Youth on the move is one of seven flagship Europe 2020 initiatives. It is a comprehensive package of policy initiatives on education and employment for young people that was launched in 2010. It aims to improve young people’s education and employability across the EU, to reduce high youth unemployment and to increase the youth employment rate by:
- making education and training more relevant to young people's needs;
- encouraging more young people to take advantage of EU grants to study or train in another country;
- encouraging EU countries to take measures to simplify the transition from education to work.
For more information: Europe 2020
Education and training 2020 (ET 2020)
A strategic framework for European cooperation in education and training (known as ET 2020) was adopted in May 2009 and set out four strategic objectives for education and training in the EU:
- making lifelong learning and mobility a reality;
- improving the quality and efficiency of education and training;
- promoting equity, social cohesion and active citizenship; and
- enhancing creativity and innovation at all levels of education and training.
Erasmus+ is an EU programme which is designed to boost skills and employability, as well as modernising education, training, and youth work; the programme also supports sport (both grassroots projects and cross-border challenges, such as match-fixing or racism). It is designed to provide a new approach for developing a modern and dynamic education sector, which promotes collaboration between formal, informal and non-formal learning, as well as partnerships between education and the world of work. The Erasmus+ programme will run over seven years (2014–20) with a budget of EUR 14.7 billion. This will be shared between the following programmes:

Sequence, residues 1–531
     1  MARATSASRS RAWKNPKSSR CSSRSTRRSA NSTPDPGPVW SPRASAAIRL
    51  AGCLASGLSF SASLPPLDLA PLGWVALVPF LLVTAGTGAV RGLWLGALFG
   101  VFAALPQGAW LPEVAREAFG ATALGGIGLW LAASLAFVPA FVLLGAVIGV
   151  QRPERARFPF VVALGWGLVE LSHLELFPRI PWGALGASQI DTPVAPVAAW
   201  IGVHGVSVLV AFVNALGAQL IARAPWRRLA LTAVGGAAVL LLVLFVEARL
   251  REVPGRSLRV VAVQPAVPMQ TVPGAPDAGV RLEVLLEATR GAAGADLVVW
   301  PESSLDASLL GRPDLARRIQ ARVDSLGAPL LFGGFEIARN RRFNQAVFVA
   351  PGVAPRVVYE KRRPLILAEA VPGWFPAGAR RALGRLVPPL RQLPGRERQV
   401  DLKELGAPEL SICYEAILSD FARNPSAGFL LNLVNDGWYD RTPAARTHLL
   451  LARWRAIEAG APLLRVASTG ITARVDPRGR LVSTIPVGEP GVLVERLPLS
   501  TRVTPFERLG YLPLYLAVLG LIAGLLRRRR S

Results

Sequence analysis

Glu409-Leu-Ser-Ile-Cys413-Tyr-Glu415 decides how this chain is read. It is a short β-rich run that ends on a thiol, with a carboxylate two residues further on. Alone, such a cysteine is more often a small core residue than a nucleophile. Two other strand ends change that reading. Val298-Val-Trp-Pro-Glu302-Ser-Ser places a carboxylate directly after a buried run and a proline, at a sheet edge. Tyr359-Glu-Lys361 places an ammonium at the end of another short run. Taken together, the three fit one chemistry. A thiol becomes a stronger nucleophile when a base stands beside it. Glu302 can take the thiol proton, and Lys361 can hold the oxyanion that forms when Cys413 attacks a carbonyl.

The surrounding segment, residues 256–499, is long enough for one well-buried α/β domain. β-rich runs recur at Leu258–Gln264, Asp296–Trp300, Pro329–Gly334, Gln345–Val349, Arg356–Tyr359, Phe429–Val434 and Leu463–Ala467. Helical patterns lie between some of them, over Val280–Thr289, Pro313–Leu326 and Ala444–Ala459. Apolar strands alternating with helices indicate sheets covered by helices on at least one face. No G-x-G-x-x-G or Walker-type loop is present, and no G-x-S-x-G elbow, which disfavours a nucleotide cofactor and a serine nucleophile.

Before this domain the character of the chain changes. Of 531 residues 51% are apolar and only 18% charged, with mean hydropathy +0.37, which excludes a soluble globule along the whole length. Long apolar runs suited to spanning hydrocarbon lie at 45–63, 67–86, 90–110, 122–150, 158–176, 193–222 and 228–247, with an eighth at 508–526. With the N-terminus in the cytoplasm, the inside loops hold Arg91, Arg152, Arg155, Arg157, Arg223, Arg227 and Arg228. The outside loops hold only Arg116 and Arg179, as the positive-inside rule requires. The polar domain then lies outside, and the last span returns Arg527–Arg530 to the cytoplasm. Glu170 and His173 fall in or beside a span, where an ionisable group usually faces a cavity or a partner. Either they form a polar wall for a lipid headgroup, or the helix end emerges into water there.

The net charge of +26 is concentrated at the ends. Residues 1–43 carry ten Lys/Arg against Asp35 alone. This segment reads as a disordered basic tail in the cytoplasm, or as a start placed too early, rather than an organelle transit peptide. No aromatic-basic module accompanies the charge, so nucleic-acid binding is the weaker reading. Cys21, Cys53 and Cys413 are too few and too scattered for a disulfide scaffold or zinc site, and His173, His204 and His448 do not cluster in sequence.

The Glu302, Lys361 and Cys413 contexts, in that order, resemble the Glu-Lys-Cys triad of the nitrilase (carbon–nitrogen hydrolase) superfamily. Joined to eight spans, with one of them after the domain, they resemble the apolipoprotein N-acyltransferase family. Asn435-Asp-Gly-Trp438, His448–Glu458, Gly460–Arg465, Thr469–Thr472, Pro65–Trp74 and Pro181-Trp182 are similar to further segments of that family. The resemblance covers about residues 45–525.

- education and training (77.5 %);
- youth (10 %);
- student loan facilities (3.5 %);
- national agencies (3.4 %);
- administrative costs (1.9 %);
- Jean Monnet (1.9 %) — a programme which aims to stimulate teaching, research and reflection in the field of European integration studies in higher education institutions;
- sport (1.8 %).
The Erasmus+ programme is closely linked to the policy objectives outlined within the ET 2020 and the Europe 2020 initiatives. It should offer opportunities to more than four million Europeans and around 125 000 different educational institutions to participate, resulting in:
- two million higher education students studying and training abroad;